A growing body of evidence demonstrates that brain tumors may arise from a single, self-renewing cell, namely CSC. CSC that have characteristics similar to brain stem cells, play a key role in cancer recurrence and resistance to current therapies. These “bad seeds”- CSC - may have the ability to escape standard therapies, explaining tumor growth and new malignancies[12,13]. CSC have been identified in acute myeloid leukemia, breast cancer and, most recently, brain tumors[15-17]. With a frequency as few as one out of thousands or even millions of tumor cells, CSC must be targeted and eliminated to prevent tumor relapse and to promote a cancer-free life. Cancer cells without stem cell properties may have little or no significance for cancer treatment or patient survival. However, the transplantation of native neural stem cells (“naïve”) increased the survival of the recipient animals presumably by inhibiting tumor outgrowth. Despite exciting initial reports of this anticancer potential, clinical potency of stem cell therapy in animal brain tumor models has proven disappointing. Amassed evidence shows that some normal naïve stem cells may contribute to cancer development and progression either by acting as cancer-initiating cells or through interactions with the environment[19-24]. However, it is believed that not all naïve stem cells have the potential to promote cancer progression, but only some naïve stem cells [e.g. mesenchymal stem cells, vascular progenitor cells (VPC)], possess these abilities to favor tumor formation principally due to their secreted pro-angiogenic and immunomodulatory factors. Only stem cells (e.g. native neural stem cells) reprogrammed or genetically altered to deliver anti-tumoral agents (protein, genes, viral, etc.) can exert a more robust anti-cancer effect[25-28] than naïve neural stem cells as demonstrated by Tyler et al. Nevertheless, it is important and necessary to elucidate the cellular and molecular switch involved during the convergence of normal stem cells to CSCs.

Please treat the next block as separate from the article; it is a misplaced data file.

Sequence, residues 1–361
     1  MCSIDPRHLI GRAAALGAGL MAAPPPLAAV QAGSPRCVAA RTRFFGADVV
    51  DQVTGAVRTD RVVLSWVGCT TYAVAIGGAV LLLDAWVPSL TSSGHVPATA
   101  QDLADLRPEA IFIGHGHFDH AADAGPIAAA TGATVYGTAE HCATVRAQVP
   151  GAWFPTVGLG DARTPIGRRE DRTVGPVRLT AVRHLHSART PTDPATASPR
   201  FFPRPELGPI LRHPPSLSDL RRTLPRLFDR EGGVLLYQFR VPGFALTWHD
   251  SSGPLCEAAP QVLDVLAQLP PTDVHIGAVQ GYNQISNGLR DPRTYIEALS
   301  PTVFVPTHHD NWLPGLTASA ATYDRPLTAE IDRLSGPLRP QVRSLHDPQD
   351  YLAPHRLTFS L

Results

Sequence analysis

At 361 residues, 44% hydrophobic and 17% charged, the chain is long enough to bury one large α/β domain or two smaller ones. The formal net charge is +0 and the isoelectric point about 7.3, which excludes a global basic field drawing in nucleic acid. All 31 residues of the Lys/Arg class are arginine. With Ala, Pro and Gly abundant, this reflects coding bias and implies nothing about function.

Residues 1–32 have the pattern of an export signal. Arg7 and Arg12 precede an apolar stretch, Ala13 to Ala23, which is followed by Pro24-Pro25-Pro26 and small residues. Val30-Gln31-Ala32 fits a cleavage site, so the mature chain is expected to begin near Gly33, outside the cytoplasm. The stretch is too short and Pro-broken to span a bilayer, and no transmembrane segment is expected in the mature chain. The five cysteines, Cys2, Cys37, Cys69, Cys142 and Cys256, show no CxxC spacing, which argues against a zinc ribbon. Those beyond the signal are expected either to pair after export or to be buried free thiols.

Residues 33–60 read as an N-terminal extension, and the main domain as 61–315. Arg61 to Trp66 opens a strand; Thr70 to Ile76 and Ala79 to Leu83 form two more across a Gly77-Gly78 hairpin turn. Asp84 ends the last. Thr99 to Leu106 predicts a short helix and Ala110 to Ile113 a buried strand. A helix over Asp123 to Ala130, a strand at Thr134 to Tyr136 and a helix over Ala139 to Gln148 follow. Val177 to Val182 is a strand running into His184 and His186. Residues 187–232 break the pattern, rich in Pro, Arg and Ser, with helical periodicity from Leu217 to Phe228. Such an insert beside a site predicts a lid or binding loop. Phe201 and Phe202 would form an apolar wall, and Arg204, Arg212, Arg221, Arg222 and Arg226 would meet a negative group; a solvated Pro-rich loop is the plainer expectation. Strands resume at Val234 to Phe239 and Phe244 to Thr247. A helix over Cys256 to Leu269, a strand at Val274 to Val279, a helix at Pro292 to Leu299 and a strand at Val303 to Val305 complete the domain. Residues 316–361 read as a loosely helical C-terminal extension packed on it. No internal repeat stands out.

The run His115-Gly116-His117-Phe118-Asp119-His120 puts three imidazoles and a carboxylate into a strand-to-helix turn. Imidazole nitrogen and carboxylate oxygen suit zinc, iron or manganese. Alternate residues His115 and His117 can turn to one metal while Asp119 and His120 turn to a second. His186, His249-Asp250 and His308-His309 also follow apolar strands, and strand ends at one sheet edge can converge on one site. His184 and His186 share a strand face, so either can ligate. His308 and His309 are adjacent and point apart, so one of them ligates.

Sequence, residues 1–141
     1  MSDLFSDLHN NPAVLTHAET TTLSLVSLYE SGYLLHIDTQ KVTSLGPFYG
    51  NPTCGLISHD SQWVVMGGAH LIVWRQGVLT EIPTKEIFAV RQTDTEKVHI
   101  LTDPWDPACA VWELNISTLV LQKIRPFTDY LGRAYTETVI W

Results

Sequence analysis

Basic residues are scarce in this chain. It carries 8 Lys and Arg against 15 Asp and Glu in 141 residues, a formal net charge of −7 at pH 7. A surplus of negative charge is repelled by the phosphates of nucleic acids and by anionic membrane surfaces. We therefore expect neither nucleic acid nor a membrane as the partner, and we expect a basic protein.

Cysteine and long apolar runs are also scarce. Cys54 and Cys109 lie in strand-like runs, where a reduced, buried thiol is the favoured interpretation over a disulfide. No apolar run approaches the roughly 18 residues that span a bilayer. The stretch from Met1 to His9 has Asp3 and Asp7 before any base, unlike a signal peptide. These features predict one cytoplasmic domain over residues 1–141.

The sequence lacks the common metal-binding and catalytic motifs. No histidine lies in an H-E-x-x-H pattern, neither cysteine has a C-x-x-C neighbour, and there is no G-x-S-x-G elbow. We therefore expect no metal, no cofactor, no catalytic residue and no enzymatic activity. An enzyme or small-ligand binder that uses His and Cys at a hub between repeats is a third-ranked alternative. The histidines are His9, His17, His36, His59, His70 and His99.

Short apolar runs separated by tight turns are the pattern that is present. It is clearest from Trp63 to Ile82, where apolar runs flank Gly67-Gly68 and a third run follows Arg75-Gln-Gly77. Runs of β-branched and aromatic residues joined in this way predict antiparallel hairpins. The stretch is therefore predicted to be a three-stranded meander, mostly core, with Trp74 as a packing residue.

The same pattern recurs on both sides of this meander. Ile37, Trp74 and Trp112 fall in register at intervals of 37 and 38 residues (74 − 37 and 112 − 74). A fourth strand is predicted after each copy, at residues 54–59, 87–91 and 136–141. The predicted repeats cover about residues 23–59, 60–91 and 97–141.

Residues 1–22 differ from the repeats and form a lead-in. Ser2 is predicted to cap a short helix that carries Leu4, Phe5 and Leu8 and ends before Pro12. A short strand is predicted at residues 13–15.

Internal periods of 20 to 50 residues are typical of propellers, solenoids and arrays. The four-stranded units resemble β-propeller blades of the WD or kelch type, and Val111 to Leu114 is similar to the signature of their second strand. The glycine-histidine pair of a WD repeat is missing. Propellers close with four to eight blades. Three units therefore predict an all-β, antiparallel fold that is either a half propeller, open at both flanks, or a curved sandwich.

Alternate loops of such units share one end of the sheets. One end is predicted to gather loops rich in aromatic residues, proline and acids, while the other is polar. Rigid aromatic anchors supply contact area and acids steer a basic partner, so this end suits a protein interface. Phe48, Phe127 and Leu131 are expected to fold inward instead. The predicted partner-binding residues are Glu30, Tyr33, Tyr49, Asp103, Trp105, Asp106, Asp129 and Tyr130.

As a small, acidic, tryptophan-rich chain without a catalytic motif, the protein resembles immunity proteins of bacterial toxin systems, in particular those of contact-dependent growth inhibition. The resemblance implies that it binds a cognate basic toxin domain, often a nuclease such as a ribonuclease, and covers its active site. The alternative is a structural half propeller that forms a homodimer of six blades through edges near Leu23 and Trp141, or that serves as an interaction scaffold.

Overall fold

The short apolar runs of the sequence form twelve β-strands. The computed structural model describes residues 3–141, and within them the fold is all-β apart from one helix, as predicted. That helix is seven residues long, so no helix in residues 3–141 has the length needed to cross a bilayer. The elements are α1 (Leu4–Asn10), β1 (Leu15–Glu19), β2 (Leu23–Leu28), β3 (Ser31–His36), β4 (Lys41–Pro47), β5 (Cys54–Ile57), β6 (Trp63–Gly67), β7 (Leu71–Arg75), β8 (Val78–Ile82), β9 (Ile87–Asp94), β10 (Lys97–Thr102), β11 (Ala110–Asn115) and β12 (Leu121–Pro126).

CONVERGENCE OF NORMAL STEM CELL AND CANCER STEM CELL DEVELOPMENT